Top Tips on Taking Hydroxychloroquine for Lupus [Ultimate Guide AUG 2023]
LATEST UPDATE: A nicely done study by Melles RB et al, FEB 2023, Hydroxychloroquine Dose and Risk for Incident Retinopathy A Cohort Study, resulted in this nice quote: “our findings suggest that, under current screening recommendations and dosing patterns, loss of visual acuity from hydroxychloroquine retinopathy should be rare“
Update (DEC 2022): Harvard study showing that using hydroxychloroquine doses of 5mg/kg/day or less (as recommended by the American Academy of Ophthalmology) are associated with high risk of flares compared to using higher doses. Click here to jump to that section of the page.
A simpler desensitization technique for hypersensitivity rashes is linked to (DEC 2022)
Addition in August 2023: Do not smoke cigarettes. Discussed below
Never smoke when taking hydroxychloroquine
Smoking cigarettes decreases the effectiveness of antimalarial drugs like hydroxychloroquine. If you smoke, you are keeping the most important drug for treating lupus from working properly. This puts you at high risk for needing stronger drugs that suppress the immune system (like steroids). If you require immunosuppressant drugs, then smoking also greatly increases your risk for life-threatening infections, especially pneumonia.
Smoking cigarettes as a lupus patient is equivalent to having an early death wish.
The benefits of taking hydroxychloroquine for lupus
As recommended by “The Lupus Secrets,” taking hydroxychloroquine (Plaquenil) for lupus is incredibly important. In addition to being the only drug proven to prolong survival in lupus patients, the benefits of hydroxychloroquine are many:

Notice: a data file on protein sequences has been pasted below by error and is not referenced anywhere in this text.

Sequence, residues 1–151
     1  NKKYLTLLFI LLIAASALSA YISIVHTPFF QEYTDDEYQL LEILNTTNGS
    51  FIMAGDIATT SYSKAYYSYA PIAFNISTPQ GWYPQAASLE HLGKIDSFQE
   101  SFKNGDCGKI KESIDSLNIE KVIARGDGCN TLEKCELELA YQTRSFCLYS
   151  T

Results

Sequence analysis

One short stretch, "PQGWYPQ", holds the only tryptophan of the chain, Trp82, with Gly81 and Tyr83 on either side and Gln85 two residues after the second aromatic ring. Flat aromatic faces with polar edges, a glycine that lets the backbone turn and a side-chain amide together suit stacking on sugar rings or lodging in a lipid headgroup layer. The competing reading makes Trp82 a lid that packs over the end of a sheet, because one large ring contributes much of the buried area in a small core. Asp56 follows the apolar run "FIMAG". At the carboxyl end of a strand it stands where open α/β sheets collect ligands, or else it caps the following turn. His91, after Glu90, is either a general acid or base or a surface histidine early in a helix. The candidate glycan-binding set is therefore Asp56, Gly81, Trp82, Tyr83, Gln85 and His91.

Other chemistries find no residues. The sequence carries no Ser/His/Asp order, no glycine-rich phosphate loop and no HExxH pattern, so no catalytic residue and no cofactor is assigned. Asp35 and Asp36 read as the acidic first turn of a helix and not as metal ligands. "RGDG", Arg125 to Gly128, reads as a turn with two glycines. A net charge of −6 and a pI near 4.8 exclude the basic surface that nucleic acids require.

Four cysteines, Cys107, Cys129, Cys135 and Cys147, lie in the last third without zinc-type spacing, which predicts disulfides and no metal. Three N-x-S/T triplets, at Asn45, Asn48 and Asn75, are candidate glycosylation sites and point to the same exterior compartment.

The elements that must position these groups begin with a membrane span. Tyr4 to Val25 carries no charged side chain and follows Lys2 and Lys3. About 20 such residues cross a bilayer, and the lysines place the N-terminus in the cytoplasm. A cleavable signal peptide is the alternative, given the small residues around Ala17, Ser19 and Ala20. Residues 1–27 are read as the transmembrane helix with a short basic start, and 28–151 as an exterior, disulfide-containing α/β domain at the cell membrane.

- Greatly increases the chances of living longer for lupus patients
- Reduces the need for steroids (for example, prednisone). Allows lower doses to be used, therefore decreasing steroid side effects.
- Lowers the chances for organ involvement (such as the kidneys and lungs)
- Reduces the chances of heart attacks, blood clots, and strokes
- Decreases the chances for organ damage (such as in the kidneys and lungs)
- Lessens the possibility of developing diabetes, and it improves glucose sugar control in those with diabetes
- Lowers bad cholesterol levels
- Increases healthy birth outcomes and reduces the chances of a baby getting neonatal lupus or congenital heart block due to anti-SSA (anti-Ro) antibodies
- Increases the chances for lupus remission
Do I have to take hydroxychloroquine with food?
No. You do not have to take hydroxychloroquine with food.
Many patients have lupus flares due to missing doses of hydroxychloroquine due to stickers on the bottle saying, “take with food.” However, this does not apply to most people.
The main reason to take hydroxychloroquine with food is if it bothers your stomach. In some people, hydroxychloroquine causes stomach upset, nausea, bloating, heartburn, or loose stools. If any of these happen, then take it along with food or milk.
Taking smaller amounts at a time (as discussed below) is also helpful.
Also, taking something like bismuth subsalicylate (like Pepto Bismol) with your hydroxychloroquine can reduce gastrointestinal issues.
What should I do if you miss doses of hydroxychloroquine?
Missing doses of hydroxychloroquine is a common cause of lupus flares. However, there are things you can do to decrease the chances of missed doses:
If you miss a dose of hydroxychloroquine, you can make up for the missed dose on the next day (if you tolerate doing this without stomach upset or other problems from taking a higher amount). Again, ask your doctor first before you do this. However, this does very well for most people.